The Abc's (and D's) Of Medicare

By Diane Schlindwein

December 27, 2016 4 min read

Seniors may have been reciting the alphabet for over 60 years, but when it comes to the four parts of Medicare -- Part A, Part B, Part C and Part D -- many people are far less well-versed. In fact, anyone who thinks that signing up for the medical plan for seniors is simple could be in for a rude and costly awakening.

"People need to realize that enrolling in Medicare can be complicated," says Chris Orestis, a senior-care advocate and author of the books "A Survival Guide to Aging" and "Help on the Way." "If you don't pay attention, you can end up missing needed coverage or paying more out-of-pocket expenses in premiums, co-pays and deductibles than you realize -- or can afford."

For starters, it's important to understand that Medicare is a federal health insurance program that covers most people 65 or older and some people who are younger who have disabilities. It also covers some people with end-stage renal disease.

Medicare coverage comes in two primary forms from which participants can choose. The original Medicare is the above-mentioned traditional federal-government-administrated program, which most seniors 65 or older qualify for automatically. The other form of coverage is through Medicare Advantage plans, which are sold by private insurance companies. The Advantage plans sometimes offer additional services, such as routine vision, hearing and dental care.

Orestis says that most people have probably heard of Medicare Parts A and D but don't fully understand all aspects of Medicare.

Here's how the "alphabet" breaks down:

Medicare Part A pays for hospital and skilled-nursing-facility care, but not doctors' fees. It also pays for some home health care and hospice care. You are automatically enrolled in Part A when you enroll in Medicare through your own or your spouse's Social Security records. You likely won't have to pay a monthly premium for Part A.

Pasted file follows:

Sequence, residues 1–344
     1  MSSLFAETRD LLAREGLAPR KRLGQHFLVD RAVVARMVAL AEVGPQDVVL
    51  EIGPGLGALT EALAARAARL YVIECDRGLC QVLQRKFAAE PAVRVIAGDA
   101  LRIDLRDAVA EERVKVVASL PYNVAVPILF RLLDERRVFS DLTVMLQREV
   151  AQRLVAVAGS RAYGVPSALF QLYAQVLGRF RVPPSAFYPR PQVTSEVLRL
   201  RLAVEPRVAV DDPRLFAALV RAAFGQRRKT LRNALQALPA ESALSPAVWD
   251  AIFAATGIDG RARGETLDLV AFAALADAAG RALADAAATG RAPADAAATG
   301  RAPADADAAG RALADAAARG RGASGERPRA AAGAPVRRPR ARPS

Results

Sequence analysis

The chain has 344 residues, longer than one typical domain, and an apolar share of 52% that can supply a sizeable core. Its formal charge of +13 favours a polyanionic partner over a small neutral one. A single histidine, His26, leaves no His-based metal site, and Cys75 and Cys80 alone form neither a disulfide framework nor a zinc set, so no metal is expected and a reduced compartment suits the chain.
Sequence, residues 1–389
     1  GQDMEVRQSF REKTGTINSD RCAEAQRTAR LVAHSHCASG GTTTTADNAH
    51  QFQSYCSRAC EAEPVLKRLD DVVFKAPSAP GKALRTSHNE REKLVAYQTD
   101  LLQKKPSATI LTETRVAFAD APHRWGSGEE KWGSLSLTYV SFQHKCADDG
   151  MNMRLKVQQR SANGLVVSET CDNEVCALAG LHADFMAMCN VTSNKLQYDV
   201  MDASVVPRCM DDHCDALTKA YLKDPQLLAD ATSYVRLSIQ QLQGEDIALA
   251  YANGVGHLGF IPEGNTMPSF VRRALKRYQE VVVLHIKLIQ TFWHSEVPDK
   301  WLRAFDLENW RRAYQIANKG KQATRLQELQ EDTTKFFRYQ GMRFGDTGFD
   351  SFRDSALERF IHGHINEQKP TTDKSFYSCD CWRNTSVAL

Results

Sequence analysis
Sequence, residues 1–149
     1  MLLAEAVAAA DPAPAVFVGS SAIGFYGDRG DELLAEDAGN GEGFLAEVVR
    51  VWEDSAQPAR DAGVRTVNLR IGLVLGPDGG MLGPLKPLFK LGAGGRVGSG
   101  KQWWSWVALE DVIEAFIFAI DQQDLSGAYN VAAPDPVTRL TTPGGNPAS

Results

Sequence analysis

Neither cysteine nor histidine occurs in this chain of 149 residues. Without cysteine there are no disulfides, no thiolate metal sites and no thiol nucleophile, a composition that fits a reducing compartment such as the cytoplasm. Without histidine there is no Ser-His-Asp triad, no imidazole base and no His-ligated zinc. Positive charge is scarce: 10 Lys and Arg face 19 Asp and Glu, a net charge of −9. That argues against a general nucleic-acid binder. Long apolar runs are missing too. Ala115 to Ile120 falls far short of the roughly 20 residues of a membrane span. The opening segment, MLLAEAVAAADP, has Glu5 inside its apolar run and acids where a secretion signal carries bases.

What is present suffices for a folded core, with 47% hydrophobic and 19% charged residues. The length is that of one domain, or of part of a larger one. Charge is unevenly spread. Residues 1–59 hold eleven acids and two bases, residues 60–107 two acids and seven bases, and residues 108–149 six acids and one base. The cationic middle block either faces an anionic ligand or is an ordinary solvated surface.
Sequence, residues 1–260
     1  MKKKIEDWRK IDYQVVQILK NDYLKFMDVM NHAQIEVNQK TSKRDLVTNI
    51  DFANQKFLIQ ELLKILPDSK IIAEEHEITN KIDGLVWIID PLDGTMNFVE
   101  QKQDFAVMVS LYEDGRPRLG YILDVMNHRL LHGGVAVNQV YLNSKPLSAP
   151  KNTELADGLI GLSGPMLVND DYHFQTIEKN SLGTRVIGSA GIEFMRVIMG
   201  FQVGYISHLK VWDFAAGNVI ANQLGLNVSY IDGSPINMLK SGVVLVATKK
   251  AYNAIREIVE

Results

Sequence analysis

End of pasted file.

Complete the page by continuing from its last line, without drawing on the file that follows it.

Medicare Part B is voluntary and pays 80 percent of costs for doctors, outpatient services, lab tests, X-rays, ambulance rides and medical equipment. It has a monthly premium.

Medicare Part C is a private Advantage plan. You must be enrolled in both Part A and Part B to enroll in Part C.

Medicare Part D pays for prescriptions. It is optional and offers some help with the outpatient prescription drugs that seniors often require. The coverage is voluntary and the monthly premium varies depending on how much coverage you have.

Anyone who regularly visits doctors or has been hospitalized knows that deductibles and co-pays can add up quickly -- and even with some explanation, many people are concerned or puzzled by how Medicare works.

Orestis says a good place to learn more is the Center for Medicare and Medicaid Services website, which provides a plethora of information and resources to review and assist enrollment.

However, you need to make a decision and do it in a timely manner, Orestis says. "When it comes (time) for Medicare enrollment, not being informed and missing deadlines can cause delays and penalties that can have a negative impact on your coverage and your wallet."

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